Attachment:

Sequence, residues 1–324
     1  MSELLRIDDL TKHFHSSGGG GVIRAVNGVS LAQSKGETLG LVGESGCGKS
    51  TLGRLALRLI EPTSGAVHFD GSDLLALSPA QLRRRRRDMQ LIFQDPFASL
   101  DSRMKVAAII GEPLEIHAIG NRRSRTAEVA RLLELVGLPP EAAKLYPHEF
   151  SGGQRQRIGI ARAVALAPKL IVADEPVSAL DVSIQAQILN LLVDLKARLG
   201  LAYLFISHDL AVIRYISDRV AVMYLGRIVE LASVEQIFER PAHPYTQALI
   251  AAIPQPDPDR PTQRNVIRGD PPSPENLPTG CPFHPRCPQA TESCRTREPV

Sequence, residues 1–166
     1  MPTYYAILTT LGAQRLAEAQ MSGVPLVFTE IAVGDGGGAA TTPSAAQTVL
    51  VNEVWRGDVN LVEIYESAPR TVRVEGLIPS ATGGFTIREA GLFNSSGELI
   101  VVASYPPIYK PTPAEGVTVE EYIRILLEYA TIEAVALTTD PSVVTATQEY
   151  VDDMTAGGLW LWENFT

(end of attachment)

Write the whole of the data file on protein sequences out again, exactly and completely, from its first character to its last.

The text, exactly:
Sequence, residues 1–324
     1  MSELLRIDDL TKHFHSSGGG GVIRAVNGVS LAQSKGETLG LVGESGCGKS
    51  TLGRLALRLI EPTSGAVHFD GSDLLALSPA QLRRRRRDMQ LIFQDPFASL
   101  DSRMKVAAII GEPLEIHAIG NRRSRTAEVA RLLELVGLPP EAAKLYPHEF
   151  SGGQRQRIGI ARAVALAPKL IVADEPVSAL DVSIQAQILN LLVDLKARLG
   201  LAYLFISHDL AVIRYISDRV AVMYLGRIVE LASVEQIFER PAHPYTQALI
   251  AAIPQPDPDR PTQRNVIRGD PPSPENLPTG CPFHPRCPQA TESCRTREPV

Sequence, residues 1–166
     1  MPTYYAILTT LGAQRLAEAQ MSGVPLVFTE IAVGDGGGAA TTPSAAQTVL
    51  VNEVWRGDVN LVEIYESAPR TVRVEGLIPS ATGGFTIREA GLFNSSGELI
   101  VVASYPPIYK PTPAEGVTVE EYIRILLEYA TIEAVALTTD PSVVTATQEY
   151  VDDMTAGGLW LWENFT